Published Good one,and quite complicated to solve.Another is the Inspector Morse series and equally as complex as others in the Another is the Inspector Morse series and equally as complex as others in the Having recently seen the tv adaptation of this story I was not as focused on the story as I could have been. My biggest complaint: the solution wasn't possible for the reader to figure out completely (although it was possible in broad outline).The ninth in the Inspector Morse Mysteries, where he has to solve the mystery of the theft of a historically-valued jewel, and two dead bodies. It was his wish that that the jewel be donated to a museum in Oxford and, in the company of her new husband, the woman has carried the jewel to Great Britain to deliver it herself.
And in his fashion he manages to not only pull the thread of the mystery free, but does so in his own elegant fashion.Another wonderful mystery by Colin Dexter involving Inspector Morse, Lewis, Oxford and a string of suspects. Naturally, if you are English and don't live on a council estate, you never drop or slur any letters - but watch out, as soon as you go on the dole, you will never again speak an "-ing" word properly.This entry in the Inspector Morse series was very good, with some misdirection but otherwise a fairly straightforward plot and solution (unlike some of the earlier books in the series!). As the coach drew into St. Giles’, the sky was an open blue, and the sunlight gleamed on the cinnamon-coloured stone along the broad tree-lined avenue. February 22nd 1993 While I read I could see and hear John Thaw and Kevin Whateley most clearly. Reliable Colin Dexter, always a good read and hard to put down, like the uncertainty whether the deaths were related or not (don't think that's a spoiler!
The woman was traveling with her husband as part of an American tour group. Although it looks as if the woman’s death was due to natural causes, the whereabouts of the jewel remains a mystery. A good read for a plane.Being a big fan of the BBC Masterpiece series, Endeavour and more recently, Inspector Lewis, IBeing a big fan of the BBC Masterpiece series, Endeavour and more recently, Inspector Lewis, IWe will be in Oxford a few weeks from now, and I find that Colin Dexter's Inspector Morse series captures the spirit of Oxford better than many guide books do. However, the book is different from the TV adaptation and is far far better. Morse does find time to have a brief affair with the tour guide, Sheila Williams, who is also one of the suspects.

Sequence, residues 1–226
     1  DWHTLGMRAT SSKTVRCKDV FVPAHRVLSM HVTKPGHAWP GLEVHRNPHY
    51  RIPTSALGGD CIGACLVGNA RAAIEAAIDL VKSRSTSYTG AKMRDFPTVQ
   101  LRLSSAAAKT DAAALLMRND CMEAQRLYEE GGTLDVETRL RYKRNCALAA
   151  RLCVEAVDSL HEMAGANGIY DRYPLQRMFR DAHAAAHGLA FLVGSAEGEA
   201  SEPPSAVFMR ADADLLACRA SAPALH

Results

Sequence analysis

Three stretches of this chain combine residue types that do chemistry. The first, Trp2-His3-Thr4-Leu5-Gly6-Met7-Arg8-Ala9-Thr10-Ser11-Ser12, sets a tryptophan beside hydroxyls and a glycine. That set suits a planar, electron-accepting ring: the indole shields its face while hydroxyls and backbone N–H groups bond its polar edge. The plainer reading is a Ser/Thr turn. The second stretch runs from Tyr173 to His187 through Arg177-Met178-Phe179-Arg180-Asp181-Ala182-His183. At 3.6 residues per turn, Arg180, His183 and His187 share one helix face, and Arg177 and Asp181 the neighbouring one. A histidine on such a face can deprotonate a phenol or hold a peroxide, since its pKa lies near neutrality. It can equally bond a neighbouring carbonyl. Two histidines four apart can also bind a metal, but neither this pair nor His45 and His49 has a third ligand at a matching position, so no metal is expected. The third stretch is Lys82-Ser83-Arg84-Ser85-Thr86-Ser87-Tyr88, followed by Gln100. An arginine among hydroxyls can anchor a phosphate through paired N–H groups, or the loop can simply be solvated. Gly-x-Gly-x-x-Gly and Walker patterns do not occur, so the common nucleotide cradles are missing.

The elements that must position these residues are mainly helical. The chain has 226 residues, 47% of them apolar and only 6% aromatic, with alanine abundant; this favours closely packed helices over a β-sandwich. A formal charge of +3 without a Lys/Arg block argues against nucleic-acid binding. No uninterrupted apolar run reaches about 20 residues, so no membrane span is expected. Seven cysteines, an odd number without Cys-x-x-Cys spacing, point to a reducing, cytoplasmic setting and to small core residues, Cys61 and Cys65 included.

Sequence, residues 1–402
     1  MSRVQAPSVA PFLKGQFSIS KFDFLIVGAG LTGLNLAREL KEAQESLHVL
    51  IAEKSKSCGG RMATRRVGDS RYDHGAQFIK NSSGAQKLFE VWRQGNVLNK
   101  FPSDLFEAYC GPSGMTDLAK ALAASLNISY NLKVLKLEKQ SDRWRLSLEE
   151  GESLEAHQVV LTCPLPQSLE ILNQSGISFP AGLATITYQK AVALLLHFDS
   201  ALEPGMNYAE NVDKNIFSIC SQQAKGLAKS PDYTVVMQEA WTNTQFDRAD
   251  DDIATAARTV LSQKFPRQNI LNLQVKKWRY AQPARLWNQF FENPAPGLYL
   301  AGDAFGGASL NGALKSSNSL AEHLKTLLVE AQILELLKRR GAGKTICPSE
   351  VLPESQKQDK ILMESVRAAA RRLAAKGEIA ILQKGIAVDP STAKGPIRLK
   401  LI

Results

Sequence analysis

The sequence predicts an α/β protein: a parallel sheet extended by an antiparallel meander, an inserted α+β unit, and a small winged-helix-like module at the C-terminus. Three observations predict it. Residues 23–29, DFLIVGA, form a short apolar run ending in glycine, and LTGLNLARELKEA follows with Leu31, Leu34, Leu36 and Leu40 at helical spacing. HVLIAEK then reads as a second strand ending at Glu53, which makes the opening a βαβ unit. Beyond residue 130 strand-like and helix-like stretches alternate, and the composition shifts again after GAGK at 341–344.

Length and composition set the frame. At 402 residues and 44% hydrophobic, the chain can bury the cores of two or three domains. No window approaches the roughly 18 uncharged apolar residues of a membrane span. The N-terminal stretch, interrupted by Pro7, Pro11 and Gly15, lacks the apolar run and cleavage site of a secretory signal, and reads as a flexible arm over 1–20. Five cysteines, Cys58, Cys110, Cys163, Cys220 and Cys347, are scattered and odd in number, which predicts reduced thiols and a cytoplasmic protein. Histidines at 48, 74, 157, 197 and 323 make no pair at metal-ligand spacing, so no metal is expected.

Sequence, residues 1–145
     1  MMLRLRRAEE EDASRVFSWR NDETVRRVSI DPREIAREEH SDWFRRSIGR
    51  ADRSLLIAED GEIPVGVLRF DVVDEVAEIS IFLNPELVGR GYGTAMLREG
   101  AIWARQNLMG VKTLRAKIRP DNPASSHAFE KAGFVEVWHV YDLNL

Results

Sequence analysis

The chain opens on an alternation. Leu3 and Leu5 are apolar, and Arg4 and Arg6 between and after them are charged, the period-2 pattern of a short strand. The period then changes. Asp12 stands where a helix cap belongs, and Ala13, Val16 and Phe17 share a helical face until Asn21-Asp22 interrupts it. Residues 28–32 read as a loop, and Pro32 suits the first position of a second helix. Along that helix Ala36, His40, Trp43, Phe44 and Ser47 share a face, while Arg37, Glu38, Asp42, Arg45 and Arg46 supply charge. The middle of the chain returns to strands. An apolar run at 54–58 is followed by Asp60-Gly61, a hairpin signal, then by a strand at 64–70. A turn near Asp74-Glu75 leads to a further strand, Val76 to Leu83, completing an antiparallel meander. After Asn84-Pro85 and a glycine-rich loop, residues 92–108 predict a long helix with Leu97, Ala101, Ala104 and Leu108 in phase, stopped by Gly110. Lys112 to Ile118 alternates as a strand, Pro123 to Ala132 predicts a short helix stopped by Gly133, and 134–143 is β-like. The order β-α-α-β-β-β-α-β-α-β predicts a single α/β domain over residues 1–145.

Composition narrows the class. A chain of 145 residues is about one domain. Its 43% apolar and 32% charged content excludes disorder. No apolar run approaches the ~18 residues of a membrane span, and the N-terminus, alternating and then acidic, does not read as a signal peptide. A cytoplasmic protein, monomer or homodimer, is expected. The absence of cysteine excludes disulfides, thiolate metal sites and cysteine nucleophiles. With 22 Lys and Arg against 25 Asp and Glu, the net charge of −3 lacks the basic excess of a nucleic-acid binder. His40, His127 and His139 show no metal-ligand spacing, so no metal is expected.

Well performed. The other driver, a young woman, Phillipa Janet Mayo, was killed in the same accident. Reading the letters Dexter puts into the book in handwriting, different styles of handwriting, too, was good.
A lot of literary references, which aren't exactly easy to grasp initially.A very different style from what I have been used to in this genre.
However, the book is different from the TV adaptation and is far far better. The structure is reminiscent of an Agatha Christie whodunit, but with infinitely more complications and of course the atmospheric tone of the historic university town of Oxford. “Here we are, in St. Giles.’ ” (Ashenden slipped into over-drive now.) Naturally, if you are English and don't live on a council estate, you never drop or slur any letters - but watch out, as soon as you go on the dole, you willOne annoying element of Dexter's writing is his tendency to render the speech of anyone he considers must "talk a bit funny" (basically, anyone working-class or foreign) in a needlessly-phonetic, mocking way. Dexter's detective is the curmudgeonly Inspector Morse whose pockets are somehow always empty when the bar tab comes around, to be paid by his long-suffering assistant, Sgt. Okay, "Arksford" is mildly entertaining, but do we need to be told that someone says "vay-cation" or pronounces Shirley as "Shurley"? [ only a couple of days later, a battered and naked corpse is dragged from the River Cherwell. )In a slight reversal of the customary sequence, this novel was actually an adaptation of a television screenplay. I can't remember a real one but an example of the type would be inspire, respire, and expire with a person inspiring another to respire but causing another to expire.In general I found this novel reasonably enjoyable, though reading it again after some years, I would probably give it about five out of ten.In general I found this novel reasonably enjoyable, though reading it again after some years, I would probably give it about five out of ten.This is my latest read from the library, book 9 in the Inspector Morse series by Colin Dexter. I don’t know if it’s the pacing or the writing style, but they seem to plod along. After watching Inspector Lewis and Endeavour, I wanted to go back to the source.